Peer HIV Testing
PHS Community Services Society
Vancouver, British Columbia
- What is the Program?
- Why Was the Program Developed?
- How Does the Program Work?
- Required Resources
“There was a feeling that together we’re working on something.”
For six months in 2011, the PHS Community Services Society (PHS), in partnership with the Vancouver Seek and Treat for Optimal Prevention of HIV/AIDS (STOP) Project, delivered low-barrier peer HIV testing events that brought the discussion of HIV to the street and celebrated the capacity of the community to provide solutions to its own challenges.
The events offered free food and entertainment to everyone, and a $5 gift card to any person who spent a few minutes speaking to a trained educator about HIV or took an HIV test, and to all people living with HIV who connected with a nurse for a comprehensive health checkup. According to PHS co-executive director Liz Evans, this initiative demonstrated that a “non-professional environment, a more community-based, grassroots relationship-based culture can access people and can deliver healthcare in a way that other systems can’t.”
Over the course of 26 events, PHS, working side by side with nurses from the STOP Outreach Team, reached almost 5,000 people with rapid HIV tests and information, diagnosed 11 people with HIV and reconnected 324 people to care who already knew their HIV-positive status. According to Shelley Bolton, the peer testing project manager, the project was also a great way to update people’s information about HIV. “Being able to see nearly 5,000 people […] in a very short time, it’s a very efficient way to properly educate people and, in turn, they will educate their friends.”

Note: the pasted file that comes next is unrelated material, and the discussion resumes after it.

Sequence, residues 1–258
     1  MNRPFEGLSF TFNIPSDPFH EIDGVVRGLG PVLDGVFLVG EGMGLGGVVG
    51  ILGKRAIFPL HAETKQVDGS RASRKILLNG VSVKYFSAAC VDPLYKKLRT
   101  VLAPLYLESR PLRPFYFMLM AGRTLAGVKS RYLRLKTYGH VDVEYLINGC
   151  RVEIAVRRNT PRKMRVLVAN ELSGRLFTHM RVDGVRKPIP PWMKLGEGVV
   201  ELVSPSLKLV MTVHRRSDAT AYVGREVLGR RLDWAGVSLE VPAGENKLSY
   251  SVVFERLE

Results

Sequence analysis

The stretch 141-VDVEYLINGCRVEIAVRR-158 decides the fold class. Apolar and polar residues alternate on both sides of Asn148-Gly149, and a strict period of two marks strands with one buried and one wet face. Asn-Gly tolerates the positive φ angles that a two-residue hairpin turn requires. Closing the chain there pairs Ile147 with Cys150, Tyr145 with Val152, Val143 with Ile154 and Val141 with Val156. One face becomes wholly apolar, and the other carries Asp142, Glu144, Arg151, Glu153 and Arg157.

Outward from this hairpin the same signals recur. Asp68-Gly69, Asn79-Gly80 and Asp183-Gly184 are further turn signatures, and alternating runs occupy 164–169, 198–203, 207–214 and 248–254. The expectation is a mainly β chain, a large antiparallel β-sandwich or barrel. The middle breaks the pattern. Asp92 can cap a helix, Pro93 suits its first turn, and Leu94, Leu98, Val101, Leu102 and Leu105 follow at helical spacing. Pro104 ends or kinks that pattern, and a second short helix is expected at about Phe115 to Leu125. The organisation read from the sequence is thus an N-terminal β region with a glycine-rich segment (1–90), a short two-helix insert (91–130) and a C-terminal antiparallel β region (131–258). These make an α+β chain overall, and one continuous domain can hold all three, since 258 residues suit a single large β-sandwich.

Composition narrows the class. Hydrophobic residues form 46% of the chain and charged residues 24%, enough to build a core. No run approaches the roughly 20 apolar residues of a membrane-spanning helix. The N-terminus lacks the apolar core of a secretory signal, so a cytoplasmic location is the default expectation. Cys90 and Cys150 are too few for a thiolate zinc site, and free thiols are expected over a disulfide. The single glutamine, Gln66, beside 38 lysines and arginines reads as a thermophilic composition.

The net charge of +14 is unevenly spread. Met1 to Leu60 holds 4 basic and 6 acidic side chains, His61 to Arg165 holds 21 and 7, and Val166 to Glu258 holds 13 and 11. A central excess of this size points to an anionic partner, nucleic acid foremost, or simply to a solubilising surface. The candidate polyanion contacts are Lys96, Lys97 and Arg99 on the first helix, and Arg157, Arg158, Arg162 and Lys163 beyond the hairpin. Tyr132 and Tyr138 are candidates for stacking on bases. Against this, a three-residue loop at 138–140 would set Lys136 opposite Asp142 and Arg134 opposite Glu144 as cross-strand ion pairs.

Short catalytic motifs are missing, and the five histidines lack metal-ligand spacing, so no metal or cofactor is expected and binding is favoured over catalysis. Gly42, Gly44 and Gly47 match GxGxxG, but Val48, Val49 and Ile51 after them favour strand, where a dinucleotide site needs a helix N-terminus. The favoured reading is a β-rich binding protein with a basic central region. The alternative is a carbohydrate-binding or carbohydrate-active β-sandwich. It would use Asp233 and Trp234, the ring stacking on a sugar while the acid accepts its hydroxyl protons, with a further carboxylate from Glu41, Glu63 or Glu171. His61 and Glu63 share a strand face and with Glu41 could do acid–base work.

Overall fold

By engaging peers to provide services, residents had an opportunity to contribute to solving their own healthcare challenges with their own solutions by using the capacity that exists in the community. Peers were trained by nurses to offer the test; nurses were available at every event to provide testing and care for people with symptoms of acute HIV infection, other sexually transmitted infections, AIDS-defining illnesses and for people who preferred to be tested by a nurse.
This hybrid model of HIV testing challenged assumptions about how and where healthcare should be delivered and by whom. According to Liz Evans, participants “felt so much more comfortable being tested by peers than they would have if it had been someone else.”
By training peers to become testers, the Vancouver STOP Project and PHS didn’t just reduce barriers to healthcare for residents of the Downtown Eastside, they also contributed significantly to community pride and engagement. “I like that part the most,” says Mark Townsend, co-executive director of PHS. “The pride that people felt that they were being part [of something]. Whether they were getting tested or doing the testing, there was a feeling that together we’re working on something. We’re working on getting people treatment if they need it. We’re working on stamping out AIDS.”